From this foundation of sand the convinced sinner is, therefore, soon driven, but he betakes himself to another refuge nearer the cross, as he supposes, and which seems to require more self-renunciation. He ceases to think of establishing his own righteousness, but he still wishes to be made worthy to receive the righteousness of God. He knows that he can never cancel his debt of guilt, that his best services are unworthy of acceptance, that with all his circumspection he never lives a day in full compliance with the just demands of the law, and consequently that his salvation must be of grace, but he still thinks he must in some way merit that grace, or at least, be prepared by some observance or some experience for its reception. The distressed soul imagines that if it could be more distressed, more humbled, more touched with sorrow or remorse, it might then find acceptance. It sees that its long course of disobedience and ingratitude, its rejection of Christ, its disregard of mercies and warnings, its thousand sins of commission and omission, if forgiven at all, must be gratuitously pardoned, but this hardness of heart, this want of due tenderness and penitence, is a sin which must first be got out of the way, before the others can be remitted. It is, however, only one of the long, black catalogue. It can no more be separately conquered or atoned for, before coming to Christ, than any other sin of heart or life. It is often long before the soul is brought to see this, or to feel that it is really endeavouring to make itself better before applying to the physician; to accomplish at least some preparatory part of salvation for itself, so as not to be entirely indebted to the Redeemer. At last, however, the soul discovers its mistake; it finds that Christ does not save sinners for their tenderness or conviction, that tears are not more worthy of acceptance, than fasting, or almsgiving; that it is the unworthy, the hard-hearted, the ungodly, those who have nothing to recommend them, that Christ came to save, and whom he accepts in order to render them contrite and tenderhearted and obedient. These graces are his gifts, and if we stay away from him until we get them ourselves, we must perish in our sins. To this entire self-renunciation, this absolute rejection of every thing in itself as the ground, or reason of its acceptance, must the soul be brought before it embraces the offers of the gospel.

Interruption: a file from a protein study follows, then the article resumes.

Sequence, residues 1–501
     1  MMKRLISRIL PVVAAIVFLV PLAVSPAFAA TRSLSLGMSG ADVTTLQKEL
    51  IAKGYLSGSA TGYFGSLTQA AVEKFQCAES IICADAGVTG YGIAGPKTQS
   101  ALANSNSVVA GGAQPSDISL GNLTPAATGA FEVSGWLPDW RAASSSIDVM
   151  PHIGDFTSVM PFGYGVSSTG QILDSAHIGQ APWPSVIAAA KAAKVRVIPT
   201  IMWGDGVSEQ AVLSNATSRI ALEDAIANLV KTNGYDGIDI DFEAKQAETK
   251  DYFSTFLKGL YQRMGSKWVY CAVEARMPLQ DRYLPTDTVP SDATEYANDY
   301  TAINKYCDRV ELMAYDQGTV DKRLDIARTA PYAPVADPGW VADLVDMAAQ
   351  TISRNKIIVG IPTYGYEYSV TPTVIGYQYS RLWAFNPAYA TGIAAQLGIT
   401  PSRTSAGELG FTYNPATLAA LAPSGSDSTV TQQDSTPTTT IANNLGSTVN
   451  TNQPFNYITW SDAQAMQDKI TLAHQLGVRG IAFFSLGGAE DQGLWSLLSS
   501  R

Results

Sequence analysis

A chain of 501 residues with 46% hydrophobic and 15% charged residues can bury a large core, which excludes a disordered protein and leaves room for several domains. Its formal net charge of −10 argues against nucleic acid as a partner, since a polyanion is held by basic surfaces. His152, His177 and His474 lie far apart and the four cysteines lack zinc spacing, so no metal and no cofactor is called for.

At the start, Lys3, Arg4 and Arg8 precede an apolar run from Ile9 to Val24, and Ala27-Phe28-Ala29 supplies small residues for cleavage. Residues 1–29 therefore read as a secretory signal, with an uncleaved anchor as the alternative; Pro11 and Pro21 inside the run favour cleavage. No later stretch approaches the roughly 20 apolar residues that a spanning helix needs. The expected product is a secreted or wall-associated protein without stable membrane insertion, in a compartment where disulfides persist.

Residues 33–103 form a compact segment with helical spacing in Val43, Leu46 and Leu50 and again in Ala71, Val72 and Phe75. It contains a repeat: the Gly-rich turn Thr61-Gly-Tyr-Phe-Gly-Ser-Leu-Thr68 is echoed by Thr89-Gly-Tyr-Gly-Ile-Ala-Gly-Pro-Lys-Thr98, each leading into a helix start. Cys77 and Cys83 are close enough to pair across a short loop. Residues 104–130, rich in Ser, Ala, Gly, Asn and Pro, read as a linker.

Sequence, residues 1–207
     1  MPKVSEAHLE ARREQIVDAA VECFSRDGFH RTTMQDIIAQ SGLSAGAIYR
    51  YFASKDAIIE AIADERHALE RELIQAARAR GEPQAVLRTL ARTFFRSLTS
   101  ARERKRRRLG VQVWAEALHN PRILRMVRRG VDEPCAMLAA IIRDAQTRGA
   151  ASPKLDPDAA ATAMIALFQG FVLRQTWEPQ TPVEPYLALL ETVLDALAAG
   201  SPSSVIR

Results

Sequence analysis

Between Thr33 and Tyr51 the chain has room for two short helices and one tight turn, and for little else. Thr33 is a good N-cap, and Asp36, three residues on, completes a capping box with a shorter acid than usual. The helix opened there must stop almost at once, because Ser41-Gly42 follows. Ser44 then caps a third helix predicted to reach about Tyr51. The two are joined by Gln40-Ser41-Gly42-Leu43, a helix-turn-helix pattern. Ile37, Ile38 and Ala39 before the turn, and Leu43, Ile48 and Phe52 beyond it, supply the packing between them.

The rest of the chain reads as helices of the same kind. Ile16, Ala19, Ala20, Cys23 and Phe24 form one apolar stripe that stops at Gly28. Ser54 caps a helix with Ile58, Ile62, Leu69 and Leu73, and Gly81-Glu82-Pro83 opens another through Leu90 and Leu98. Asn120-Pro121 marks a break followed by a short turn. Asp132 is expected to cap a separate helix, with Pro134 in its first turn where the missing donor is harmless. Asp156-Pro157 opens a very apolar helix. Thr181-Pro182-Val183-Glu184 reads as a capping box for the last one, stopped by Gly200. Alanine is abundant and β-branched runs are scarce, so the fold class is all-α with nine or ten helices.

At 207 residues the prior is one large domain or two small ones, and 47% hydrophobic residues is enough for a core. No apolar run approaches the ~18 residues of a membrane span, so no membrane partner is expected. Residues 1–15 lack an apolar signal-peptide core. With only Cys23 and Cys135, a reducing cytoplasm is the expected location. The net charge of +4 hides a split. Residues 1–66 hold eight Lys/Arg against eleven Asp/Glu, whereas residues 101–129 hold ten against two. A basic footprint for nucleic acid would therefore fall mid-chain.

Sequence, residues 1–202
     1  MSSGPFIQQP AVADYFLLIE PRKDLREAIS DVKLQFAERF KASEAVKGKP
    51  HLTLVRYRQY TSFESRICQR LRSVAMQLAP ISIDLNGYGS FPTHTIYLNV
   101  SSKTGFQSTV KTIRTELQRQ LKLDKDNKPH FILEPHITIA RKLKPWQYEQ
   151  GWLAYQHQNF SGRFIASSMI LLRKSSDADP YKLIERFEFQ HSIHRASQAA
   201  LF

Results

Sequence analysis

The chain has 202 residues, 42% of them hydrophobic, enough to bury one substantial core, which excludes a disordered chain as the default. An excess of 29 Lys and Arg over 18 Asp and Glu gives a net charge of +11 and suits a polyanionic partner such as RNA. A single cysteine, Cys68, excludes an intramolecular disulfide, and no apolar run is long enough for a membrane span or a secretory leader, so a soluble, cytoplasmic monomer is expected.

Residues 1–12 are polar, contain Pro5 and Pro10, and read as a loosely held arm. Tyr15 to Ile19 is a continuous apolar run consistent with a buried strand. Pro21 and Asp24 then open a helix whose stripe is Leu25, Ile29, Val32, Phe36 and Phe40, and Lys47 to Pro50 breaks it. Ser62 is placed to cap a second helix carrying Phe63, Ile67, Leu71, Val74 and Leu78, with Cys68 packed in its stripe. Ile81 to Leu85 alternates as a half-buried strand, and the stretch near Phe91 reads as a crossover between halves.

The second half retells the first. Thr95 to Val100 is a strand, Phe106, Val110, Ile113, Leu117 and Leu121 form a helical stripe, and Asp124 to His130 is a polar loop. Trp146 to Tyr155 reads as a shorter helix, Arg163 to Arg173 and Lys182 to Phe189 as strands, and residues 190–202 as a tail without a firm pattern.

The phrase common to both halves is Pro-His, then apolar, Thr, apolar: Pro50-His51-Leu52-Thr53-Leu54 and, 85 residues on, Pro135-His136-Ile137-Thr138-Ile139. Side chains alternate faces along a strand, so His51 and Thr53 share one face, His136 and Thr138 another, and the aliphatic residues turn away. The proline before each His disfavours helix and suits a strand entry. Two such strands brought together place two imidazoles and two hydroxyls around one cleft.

It is included in what has been said that a consciousness of our own weakness is a necessary ingredient, or consequence of true conviction. There is not only a giving up of our own righteousness, but of our own strength. All that is necessary here as on other points, is that we should feel what is true. If it is the doctrine of the Bible that the sinner can change his own heart, subdue his sins, excite all right affections in his heart, then genuine religious experience requires that this truth should be known, not merely as a matter of speculation, but as a matter of consciousness. But if the Scriptures teach that this change of heart is the work of the Holy Spirit; that we are born not of the will of man but of God ; that it is the exceeding greatness of the divine power that operates in them that believe, quickening those who were dead in trespasses and sins, creating them anew in Christ Jesus, so that they are his workmanship, created unto good works; if from one end of the Scriptures to the other, the internal work of salvation is declared to be not by the might, or power of man, but by the Spirit of the Lord, then is this one of the great truths of revelation of which we must be convinced. Our experience must accord with this representation and we must feel that to be true in our case, which God declares to be true universally.